Honorary National University of Ireland doctorate for Brian Cowen

Ex-taoiseach keeping low profile since exiting politics after collape of FF-Green coalition

The National University of Ireland is to confer an honorary doctorate on the former taoiseach Brian Cowen at a ceremony in Dublin Castle next week. Photograph: Eric Luke/The Irish Times.

The National University of Ireland is to confer an honorary doctorate on the former taoiseach Brian Cowen at a ceremony in Dublin Castle next week. Photograph: Eric Luke/The Irish Times.

 

The National University of Ireland is to confer an honorary doctorate on the former taoiseach Brian Cowen at a ceremony in Dublin Castle next week.

Mr Cowen, who retired from politics following the collapse of the Fianna Fáil-Green Party government in early 2011, served as taoiseach from May 2008, a period which coincided with the economic collapse and a period of harsh budgetary austerity in the public finances.

He was taoiseach when the State entered the bailout in November 2010, accepting financial help from the EU-IMF-ECB Troika which imposed strict conditions involving bank recapitalisation and a programme of tax increases and public spending cuts.

Mr Cowen had previously served as minister for finance in the government led by Bertie Ahern from 2004 to 2008, a period which saw public spending, bank lending and property prices all expand rapidly.

The Senate of the NUI decided to award Mr Cowen an honorary doctorate of laws in May of this year, following a recommendation from the body’s honorary degrees committee. The committee is chaired by the chancellor of the NUI, Maurice Manning.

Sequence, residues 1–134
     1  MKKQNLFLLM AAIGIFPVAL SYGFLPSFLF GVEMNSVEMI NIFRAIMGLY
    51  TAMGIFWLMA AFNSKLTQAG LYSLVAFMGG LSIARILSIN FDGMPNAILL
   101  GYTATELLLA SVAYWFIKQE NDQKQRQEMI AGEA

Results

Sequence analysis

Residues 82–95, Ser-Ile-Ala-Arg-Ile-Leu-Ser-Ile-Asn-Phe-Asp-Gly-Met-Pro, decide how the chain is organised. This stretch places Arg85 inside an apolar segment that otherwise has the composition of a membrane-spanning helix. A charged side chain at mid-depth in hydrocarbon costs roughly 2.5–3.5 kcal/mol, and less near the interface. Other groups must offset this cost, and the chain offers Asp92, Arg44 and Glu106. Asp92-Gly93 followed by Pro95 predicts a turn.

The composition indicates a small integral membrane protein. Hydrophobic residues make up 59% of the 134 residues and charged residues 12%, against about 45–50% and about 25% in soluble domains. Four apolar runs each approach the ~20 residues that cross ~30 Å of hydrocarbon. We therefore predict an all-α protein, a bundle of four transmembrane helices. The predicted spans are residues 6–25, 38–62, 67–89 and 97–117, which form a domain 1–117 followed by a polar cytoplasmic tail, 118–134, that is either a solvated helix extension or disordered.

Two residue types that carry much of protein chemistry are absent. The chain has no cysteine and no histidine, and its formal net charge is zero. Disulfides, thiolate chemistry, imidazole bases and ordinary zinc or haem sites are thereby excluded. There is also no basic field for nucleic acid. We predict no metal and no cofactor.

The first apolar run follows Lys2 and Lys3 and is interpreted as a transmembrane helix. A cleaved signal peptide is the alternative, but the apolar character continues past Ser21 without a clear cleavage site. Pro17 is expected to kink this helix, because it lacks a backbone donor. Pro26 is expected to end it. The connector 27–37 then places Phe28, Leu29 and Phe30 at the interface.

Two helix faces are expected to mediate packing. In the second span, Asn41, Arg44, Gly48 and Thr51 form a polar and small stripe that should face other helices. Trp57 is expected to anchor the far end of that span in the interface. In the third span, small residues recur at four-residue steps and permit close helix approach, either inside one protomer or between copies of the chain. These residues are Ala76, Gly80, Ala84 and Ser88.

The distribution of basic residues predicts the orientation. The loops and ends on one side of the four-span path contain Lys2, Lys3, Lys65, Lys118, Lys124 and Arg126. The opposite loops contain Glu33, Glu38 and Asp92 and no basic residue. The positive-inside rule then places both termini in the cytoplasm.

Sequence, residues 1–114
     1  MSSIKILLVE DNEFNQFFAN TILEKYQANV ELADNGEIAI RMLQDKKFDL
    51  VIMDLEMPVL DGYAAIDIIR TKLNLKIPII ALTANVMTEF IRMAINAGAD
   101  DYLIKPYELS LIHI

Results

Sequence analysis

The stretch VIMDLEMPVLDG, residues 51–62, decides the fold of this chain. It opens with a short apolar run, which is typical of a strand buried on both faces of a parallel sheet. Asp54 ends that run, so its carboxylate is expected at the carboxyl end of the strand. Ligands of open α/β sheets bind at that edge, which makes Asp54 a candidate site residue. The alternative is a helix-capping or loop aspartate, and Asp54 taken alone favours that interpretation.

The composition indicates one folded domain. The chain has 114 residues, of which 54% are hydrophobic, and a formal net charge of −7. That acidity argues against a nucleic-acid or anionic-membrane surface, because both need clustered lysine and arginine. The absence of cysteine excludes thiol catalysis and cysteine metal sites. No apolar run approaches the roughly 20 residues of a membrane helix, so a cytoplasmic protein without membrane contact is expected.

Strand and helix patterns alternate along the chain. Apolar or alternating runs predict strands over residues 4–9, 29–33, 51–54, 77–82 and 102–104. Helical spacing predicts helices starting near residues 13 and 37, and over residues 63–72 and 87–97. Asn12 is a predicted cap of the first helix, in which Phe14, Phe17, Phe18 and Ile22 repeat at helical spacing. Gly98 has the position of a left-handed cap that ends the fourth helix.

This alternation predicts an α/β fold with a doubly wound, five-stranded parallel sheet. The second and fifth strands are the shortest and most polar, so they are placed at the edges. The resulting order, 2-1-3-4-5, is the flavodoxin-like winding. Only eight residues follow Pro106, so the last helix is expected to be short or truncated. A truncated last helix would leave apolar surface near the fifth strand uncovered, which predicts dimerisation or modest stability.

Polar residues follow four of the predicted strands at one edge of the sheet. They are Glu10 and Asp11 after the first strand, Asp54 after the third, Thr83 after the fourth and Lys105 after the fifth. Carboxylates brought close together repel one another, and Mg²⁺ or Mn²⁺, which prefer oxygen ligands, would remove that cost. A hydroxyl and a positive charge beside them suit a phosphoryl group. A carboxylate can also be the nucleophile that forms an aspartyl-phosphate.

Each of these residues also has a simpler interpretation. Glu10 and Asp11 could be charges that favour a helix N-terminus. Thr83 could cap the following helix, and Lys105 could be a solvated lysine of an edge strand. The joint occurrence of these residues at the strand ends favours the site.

A spokeswoman for the NUI said that Mr Cowen is expected to make an address at the ceremony in Dublin Castle next Wednesday.

Tradition

It is a tradition in the NUI that former taoisigh and presidents are awarded honorary doctorates. Ireland has no official State honours system, but the practice of awarding honorary degrees by the universities functions as a kind of quasi-honours system.

According to its website, in addition to awards honouring scholarship and creativity the NUI awards honorary degrees to “individuals, who, whether in their personal or representative capacities, through their energies, service and actions, have contributed significantly to public life, the betterment of society, or individual freedom and dignity, in Ireland, Europe or elsewhere internationally”.

Mr Ahern was conferred with an honorary degree in 2006.

Mr Cowen has kept a low profile since his retirement from politics, though he serves on the board of the Topaz energy group, previously owned by the businessman Denis O’Brien.